V. Korwar et al. / EJSO 40 (2014) 442e448 Table 2 Complications after SRMIR in two groups.

Early implant loss (in first 3 months) Late implant loss (3e12 months) Delayed implant loss (>1 year) T junction necrosis Haematoma Seroma Infection Fat necrosis Capsular contracture


Table 3 Patient scores for SRMIR in RT and NRT groups.

Radiotherapy (RT)

No radiotherapy (NRT)


1 (had DIEP)

5 (1 had LDF, 1 DIEP)




3 3 5 2 0 11 (9 had lipomodelling, 3 considering DIEP)

3 5 7 0 1 6 (3 had lipomodelling)

LDF- Latissimus Dorsi Flap, DIEP- Deep Inferior Epigastric Perforator flap.

higher in the radiotherapy compared to the non radiotherapy group. There are 11/45 (24%) capsular contractures in RT compared to 6/47 (13%) in NRT group ( p ¼ 0.20). Though the number of implant loss and capsular contracture is higher in RT group, using Fisher’s exact test we found no statistically significant difference between the two groups. Outcome questionnaires The outcome questionnaire was sent to 83 women who had retained their implants and had no evidence of breast cancer recurrence. Sixty six women responded but three women in the radiotherapy group sent back the questionnaires uncompleted as they felt it was too early to give an opinion (Total response rate 76%). Reported satisfaction was high, with or without radiotherapy, particularly in professional and social situations (Table 3). Women who had received radiotherapy gave lower scores for symmetry and satisfaction with their breast in general appearance. We used ManneWhitney test to analyse the statistical significance in the score between RT and NRT groups. The mean scores in NRT group were higher compared to RT group, but it was statistically significant only in general appearance ( p ¼ 0.02) and symmetry of the breasts ( p ¼ 0.003). The best discriminator between the two groups’ outcomes was satisfaction with symmetry. Overall the patient reported outcomes show promising initial results in terms of aesthetic outcome and patient satisfaction. SRMIR satisfies 90% of women 99% would recommend breast reconstruction to a friend. Immediate SRMIR can provide satisfactory reconstruction regardless of radiotherapy, in the short term. Longer term follow up of this cohort of women is planned. Discussion Immediate implant based breast reconstruction is gaining popularity especially in women who are not suitable

Professional situation Social situation Intimate situation General appearance Appearance of breasts Symmetry Overall score Pts recommending the procedure

NRT [mean score]

RT [mean score]

P value [ManneWhitney test, two tailed]

4.63 4.58 3.88 4.08 4.06 3.58 4.03 37/37

4.18 3.96 3.32 3.35 3.50 2.60 3.71 25/26

0.16 0.15 0.16 0.02* 0.06 0.003* 0.39

NRT- no radiotherapy, RT- Radiotherapy. * Bold values indicate statistically significant difference in scores.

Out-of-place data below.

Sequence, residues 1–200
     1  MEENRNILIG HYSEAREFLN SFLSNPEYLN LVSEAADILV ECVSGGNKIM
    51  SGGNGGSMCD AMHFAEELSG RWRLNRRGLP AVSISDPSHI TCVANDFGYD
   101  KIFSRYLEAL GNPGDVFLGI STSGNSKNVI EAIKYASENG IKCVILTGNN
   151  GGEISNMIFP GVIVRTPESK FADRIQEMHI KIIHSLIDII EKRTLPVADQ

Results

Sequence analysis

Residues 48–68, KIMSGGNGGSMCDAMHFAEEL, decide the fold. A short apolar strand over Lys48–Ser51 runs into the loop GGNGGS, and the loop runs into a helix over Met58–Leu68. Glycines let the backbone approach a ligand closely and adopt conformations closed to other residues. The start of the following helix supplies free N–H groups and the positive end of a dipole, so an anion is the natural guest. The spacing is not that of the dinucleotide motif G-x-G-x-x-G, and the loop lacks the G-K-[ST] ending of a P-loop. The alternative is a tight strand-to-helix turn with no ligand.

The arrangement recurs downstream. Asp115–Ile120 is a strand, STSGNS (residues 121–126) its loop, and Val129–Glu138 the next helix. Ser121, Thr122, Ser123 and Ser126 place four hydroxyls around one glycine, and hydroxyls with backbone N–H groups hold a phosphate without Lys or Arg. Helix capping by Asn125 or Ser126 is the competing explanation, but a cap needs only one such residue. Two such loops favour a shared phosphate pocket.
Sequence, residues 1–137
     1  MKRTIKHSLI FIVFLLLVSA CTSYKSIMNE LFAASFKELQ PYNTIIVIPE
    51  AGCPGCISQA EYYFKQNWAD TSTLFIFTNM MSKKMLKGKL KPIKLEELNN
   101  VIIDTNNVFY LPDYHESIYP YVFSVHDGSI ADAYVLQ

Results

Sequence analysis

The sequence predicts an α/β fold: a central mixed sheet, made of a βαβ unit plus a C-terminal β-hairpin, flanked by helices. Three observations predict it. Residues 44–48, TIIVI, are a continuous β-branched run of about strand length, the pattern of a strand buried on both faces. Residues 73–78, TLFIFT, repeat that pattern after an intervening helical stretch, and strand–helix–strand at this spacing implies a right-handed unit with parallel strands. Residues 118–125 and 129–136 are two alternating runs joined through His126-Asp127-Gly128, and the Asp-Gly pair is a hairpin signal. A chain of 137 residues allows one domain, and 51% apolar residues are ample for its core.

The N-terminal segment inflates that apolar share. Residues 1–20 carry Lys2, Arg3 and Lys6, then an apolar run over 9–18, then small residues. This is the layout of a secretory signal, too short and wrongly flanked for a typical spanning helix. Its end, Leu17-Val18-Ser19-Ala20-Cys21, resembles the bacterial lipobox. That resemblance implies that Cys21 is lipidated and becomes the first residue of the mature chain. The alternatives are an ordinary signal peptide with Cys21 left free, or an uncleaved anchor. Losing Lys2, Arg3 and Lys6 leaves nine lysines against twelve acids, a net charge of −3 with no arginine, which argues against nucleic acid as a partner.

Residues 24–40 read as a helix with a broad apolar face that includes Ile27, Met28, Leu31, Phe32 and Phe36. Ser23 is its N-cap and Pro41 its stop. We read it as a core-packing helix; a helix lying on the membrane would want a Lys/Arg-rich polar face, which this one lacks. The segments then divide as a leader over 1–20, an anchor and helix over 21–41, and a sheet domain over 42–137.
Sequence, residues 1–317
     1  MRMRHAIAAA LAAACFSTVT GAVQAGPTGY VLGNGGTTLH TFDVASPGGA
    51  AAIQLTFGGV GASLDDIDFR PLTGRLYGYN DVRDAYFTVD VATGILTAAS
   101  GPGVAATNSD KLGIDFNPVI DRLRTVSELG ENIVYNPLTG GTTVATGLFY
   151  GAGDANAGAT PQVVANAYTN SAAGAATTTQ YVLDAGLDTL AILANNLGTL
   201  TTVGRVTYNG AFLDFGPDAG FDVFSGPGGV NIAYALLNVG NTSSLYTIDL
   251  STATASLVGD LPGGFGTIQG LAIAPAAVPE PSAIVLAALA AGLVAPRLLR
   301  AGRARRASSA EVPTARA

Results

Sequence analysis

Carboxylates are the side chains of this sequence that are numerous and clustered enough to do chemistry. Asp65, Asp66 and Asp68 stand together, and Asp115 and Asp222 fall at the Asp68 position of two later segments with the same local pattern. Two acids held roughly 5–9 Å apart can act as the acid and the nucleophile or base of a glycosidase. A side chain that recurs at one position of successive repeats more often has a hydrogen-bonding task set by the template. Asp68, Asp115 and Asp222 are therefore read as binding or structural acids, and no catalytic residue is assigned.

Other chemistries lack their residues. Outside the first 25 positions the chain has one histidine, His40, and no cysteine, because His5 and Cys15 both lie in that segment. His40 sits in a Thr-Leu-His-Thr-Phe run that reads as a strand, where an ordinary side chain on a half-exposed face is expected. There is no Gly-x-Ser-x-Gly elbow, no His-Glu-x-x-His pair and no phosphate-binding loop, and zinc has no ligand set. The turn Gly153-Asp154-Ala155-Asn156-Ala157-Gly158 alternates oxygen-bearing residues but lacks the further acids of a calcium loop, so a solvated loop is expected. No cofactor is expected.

or who do not want autologous reconstruction.8 Immediate breast reconstruction has the advantage of single operation and anaesthetic, ease of working with more natural tissues, decreased psychological morbidity to the patients and reduced cost of treatment.9,10 Newer mastectomy techniques with increased coverage of the implant may reduce implant palpability and capsular contracture. Skin sparing mastectomy can easily be performed through periareolar approach in case of small breasts. Medium and large sized breasts require an amount of skin reduction and contralateral symmetrisation for best cosmetic outcome. Total submuscular coverage has the advantages of total implant coverage but the disadvantage of increased dissection and sometimes results in a high implant. Acellular dermal matrix (Strattice Ô) reconstruction is expensive but a good alternative in women who have minimal ptosis. Studies have shown using acellular dermal matrix to cover inferolateral aspect of implant allows less muscle dissection, better cosmetic outcome and less pronounced effects of radiation, but the evidence is not strong and others believe it is associated with increased rate of complications.11 The dermal sling technique SRMIR6 in which the breast skin is redistributed to allow a dual layer closure, has the advantages of single stage reconstruction, with natural ptosis. Nava et al. have explained the selection criteria for SRMIR which include: Nipple to sternal notch distance of 8 cm, length of vertical limbs 5e7 cm plus 2 cm for nipple, depending on amount of reduction. Earlier studies on skin reducing mastectomy have reported high complication rate at ‘T’ junction,12,13 but recent studies by Nava et al. reported 6/30 epidermolysis, 4/30 implant extrusion. In our series, we had 6/116 ‘T’ junction necrosis. Post mastectomy radiation has been shown to improve loco regional disease control and disease free survival in patients with invasive breast cancer.1,2 As a result radiotherapy is being increasingly used in the treatment of breast cancer. One of the major negative effects of radiation is increased incidence of capsular contracture leading to poor cosmetic outcome, increased reoperation rate and